Finnish fishing legislation does not explicitly state the precise number of metres you have to be from another person's shoreline in order to fish. However, fishing should not damage or disturb the environment, other water users, other permitted fishing activities or the owner/holder of a waterfront property.
The Excursionmap.fi service shows areas administered by Metsähallitus. On the Excursionmap website, you can, for example, check to see whether a water area you are interested in is state-owned, i.e. whether you can purchase a fishing permit for it from Metsähallitus.
You can use the menu on the left side of the page to choose which map layers you want to display. In addition to fishing areas, you can also display, among other things, hiking structures and trails. If you want to view, for example, state-owned water areas, check "Hunting and fishing" and "Fishing areas" under it on the Map layers tab. This will highlight the areas on which you can find information on fishing permits and their necessity on the Metsähallitus Eräluvat website. Clicking on the highlighted area will display the destination name and a link. The link will take you to the Eräluvat.fi page, which presents information on whether you will need a fishing permit for the area in question and where you can purchase one.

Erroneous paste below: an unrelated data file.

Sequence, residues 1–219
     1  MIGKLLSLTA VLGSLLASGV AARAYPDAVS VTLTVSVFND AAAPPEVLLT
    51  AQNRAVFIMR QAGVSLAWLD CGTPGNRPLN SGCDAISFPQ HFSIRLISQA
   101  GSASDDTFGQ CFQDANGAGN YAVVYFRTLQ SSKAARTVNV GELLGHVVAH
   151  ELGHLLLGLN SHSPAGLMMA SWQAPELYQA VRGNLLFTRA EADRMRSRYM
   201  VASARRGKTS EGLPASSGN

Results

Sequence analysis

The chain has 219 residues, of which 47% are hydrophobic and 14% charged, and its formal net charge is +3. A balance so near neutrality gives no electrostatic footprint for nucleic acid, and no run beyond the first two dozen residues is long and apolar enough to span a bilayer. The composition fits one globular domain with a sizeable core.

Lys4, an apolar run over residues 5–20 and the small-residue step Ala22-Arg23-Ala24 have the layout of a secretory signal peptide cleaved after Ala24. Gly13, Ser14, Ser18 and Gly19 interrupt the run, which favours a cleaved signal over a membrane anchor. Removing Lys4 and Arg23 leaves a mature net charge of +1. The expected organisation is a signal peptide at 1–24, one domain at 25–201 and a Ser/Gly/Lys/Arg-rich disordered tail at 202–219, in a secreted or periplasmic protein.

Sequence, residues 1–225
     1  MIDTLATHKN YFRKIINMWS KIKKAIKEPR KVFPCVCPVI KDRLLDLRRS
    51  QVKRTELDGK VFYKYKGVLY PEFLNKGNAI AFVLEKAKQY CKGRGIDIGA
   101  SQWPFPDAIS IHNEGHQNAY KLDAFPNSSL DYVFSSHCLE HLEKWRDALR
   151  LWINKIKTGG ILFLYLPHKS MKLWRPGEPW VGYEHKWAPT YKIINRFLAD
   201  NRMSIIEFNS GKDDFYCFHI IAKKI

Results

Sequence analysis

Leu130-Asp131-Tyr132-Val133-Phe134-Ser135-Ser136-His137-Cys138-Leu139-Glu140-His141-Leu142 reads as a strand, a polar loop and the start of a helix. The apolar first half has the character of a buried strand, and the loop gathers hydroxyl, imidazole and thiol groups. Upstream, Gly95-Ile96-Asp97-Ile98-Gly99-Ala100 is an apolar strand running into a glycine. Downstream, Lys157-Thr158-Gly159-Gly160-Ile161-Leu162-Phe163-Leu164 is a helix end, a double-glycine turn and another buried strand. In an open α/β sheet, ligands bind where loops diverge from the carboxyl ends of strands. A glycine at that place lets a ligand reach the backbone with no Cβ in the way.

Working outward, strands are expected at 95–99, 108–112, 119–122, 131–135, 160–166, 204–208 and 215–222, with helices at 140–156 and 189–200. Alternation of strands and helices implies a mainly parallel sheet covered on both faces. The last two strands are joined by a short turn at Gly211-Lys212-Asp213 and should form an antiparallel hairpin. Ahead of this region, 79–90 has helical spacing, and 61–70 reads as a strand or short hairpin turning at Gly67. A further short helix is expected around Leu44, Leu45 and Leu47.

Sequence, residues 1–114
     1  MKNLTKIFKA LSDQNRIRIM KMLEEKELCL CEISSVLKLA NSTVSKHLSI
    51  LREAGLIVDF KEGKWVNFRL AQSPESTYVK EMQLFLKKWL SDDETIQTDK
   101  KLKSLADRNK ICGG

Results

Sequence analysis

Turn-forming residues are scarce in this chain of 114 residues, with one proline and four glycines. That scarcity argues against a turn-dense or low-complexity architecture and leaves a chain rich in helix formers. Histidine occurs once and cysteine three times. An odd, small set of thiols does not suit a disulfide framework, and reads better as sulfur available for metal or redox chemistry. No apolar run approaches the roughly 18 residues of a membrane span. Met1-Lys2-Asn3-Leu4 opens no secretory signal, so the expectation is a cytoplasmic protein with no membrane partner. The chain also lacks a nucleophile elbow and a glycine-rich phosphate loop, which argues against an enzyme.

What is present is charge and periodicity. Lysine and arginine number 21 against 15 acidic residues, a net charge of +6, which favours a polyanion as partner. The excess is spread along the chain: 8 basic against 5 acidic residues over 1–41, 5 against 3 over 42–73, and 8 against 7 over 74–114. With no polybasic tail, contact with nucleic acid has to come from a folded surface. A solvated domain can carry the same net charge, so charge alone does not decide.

Fishing destinations can also be found on a list or using a destination search. If you want to use the destination search, do the following: Enter the number or name of the desired permit area on the Destination search tab. Check "Fishing areas". Zoom in on the area to more clearly display its boundaries.
You can also create a link to the map screen for sharing with your friends, among others. You can choose a guide map, topographic map or aerial image as the background map.
Information on hiking structures at fishing destinations can be found on, for example, the Excursionmap.fi website by selecting "Excursion services".
Information on Metsähallitus fishing destinations and their services can also be found in permit area descriptions on the Eräluvat website. Destination-specific pages contain a permit area map (PDF).
If you commit a fishing offence or violation against an endangered fish species, the value of the illegal catch will be forfeited to the Finnish state based on the value of the species in question. The decree on conservation values lists 23 different values ranging from EUR 50 to EUR 7,510. The endangered fish species affected by the decree are salmon, landlocked salmon, eel, lamprey, trout, grayling, Arctic char and noble crayfish, as well as European whitefish in rivers and brooks flowing into the sea. The conservation value of fish may be subject to forfeiture in the following situations:
A fish listed as subject to forfeiture was caught